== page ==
But that’s not how most of the world sees poor people. As she discusses in a chapter called “The Politics of Greed,” hooks writes that the mass media “perpetuates the notion that the poor are mere parasites and predators.” The media also communicates that “the poor had freely chosen to be poor, but that economic prosperity was a sign of divine blessing.” She says that since the 1970s, the mass media has sent the message that anybody can get rich if they try hard enough, which leads people to want to identify with the rich and not admit that they are working-class or poor.

image by Routledge

Even Worse Now?

There is not one idea in this book I disagree with. Even though it was written 15 years ago, most of it is still true and relevant. The 2008 economic recession has increased the income gap between rich and poor. One recent study says that the bottom 90% of Americans has the same share of household wealth as the top 0.1%. College is so expensive now that many young people can’t afford to attend.

I was aware of racism, but Where We Stand shows me that we should worry more about class. It’s interesting how black people argue against racism while we divide ourselves based on class and gender. I recognized what she describes in the book: There is a caste system within the black community where rich families distance themselves from their lower-income counterparts. Growing up, I was teased by other black kids for not having the nice clothes they had.

And yet I can be classist myself. As soon as I graduated high school, I saw myself looking down on those with a lower income than me, even as I worried about being judged myself for not having a weave and seeming poor. Black kids sometimes teased me for “talking white,” “talking proper,” or even “talking European,” like I’m trying to be above other black people.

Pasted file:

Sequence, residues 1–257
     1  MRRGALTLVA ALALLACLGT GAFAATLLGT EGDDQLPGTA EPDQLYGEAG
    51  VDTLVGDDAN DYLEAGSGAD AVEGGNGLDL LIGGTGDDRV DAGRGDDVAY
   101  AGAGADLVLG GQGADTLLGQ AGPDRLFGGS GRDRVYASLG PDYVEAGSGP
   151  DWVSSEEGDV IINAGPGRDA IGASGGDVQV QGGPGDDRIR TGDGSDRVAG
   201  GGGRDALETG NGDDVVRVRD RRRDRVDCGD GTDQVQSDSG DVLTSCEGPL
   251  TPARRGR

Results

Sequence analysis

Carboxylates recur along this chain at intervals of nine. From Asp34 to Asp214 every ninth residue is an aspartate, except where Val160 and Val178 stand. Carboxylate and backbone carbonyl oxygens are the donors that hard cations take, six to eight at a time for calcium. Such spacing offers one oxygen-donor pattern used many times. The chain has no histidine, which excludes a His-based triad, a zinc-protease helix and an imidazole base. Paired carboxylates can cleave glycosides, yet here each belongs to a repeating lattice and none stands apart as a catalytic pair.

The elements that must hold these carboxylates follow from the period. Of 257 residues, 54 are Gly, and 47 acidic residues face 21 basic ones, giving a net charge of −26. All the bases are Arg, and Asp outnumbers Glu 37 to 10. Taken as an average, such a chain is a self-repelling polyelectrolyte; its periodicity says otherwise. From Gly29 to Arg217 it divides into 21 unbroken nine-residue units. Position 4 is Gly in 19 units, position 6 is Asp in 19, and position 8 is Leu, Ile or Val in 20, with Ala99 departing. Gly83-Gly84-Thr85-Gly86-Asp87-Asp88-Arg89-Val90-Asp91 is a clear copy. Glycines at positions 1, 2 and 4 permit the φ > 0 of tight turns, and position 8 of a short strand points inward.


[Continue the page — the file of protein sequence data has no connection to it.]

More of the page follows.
In some of my college classes we’ve talked about how capitalism can be unfair, and that it’s hard to move up. If you come from a poor neighborhood, you probably go to a lousy school, and you’re likelier to drop out and not go to college.

Also, I’ve seen how both poor people and minorities are misrepresented in the media. I grew up in Baltimore, and when the Freddie Gray riots were happening, Facebook statuses claimed the Crips and Bloods were coming to the city to cause havoc. But in reality, they were joining forces with community leaders to stop the riots.

Taking Power

I think young people of color should think about how class, as well as race, plays a role when it comes to who has power. Why can’t police officers help provide more opportunities in a community instead of shooting young black men? Why is Congress full of older, wealthy, conservative white men?

hooks does not identify herself as upper class even though she has plenty of money and status and enjoys the power she has. She believes people can try to make the world more fair by “resisting unnecessary consumerism, living simply, and abundantly sharing resources ... to begin an economic shift that will ultimately create balance.” Her examples of change that would help include voting in politicians who spread the money around more by raising the minimum wage and creating affordable housing for those with lower incomes.

I agree with hooks on the need for fair wages and voting on where our tax money goes. Here in New York more money should be spent on affordable housing and less on tourist attractions. But I’m not willing to give up shopping! I do try to shop at locally owned stores rather than big chains like Forever 21 or Walmart that can wipe out blocks of small stores.

Reading Where We Stand has inspired me to consider what I can do to combat classism. My generation should use Facebook and Instagram for more than just posting pictures for “Likes.” For instance, we could become entrepreneurs or marketers using these websites and support more black-owned businesses. I wish those businesses would sell healthier products than I usually see in lower-income neighborhoods. We also need to make political change, not just by marching and tweeting hashtag messages, but by running for office and making change from the inside.


If You’re 18 by November 8, vote!

Register to vote and find out where your polling place is here: rockthevote.com.

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(FCYU-2016-04-25)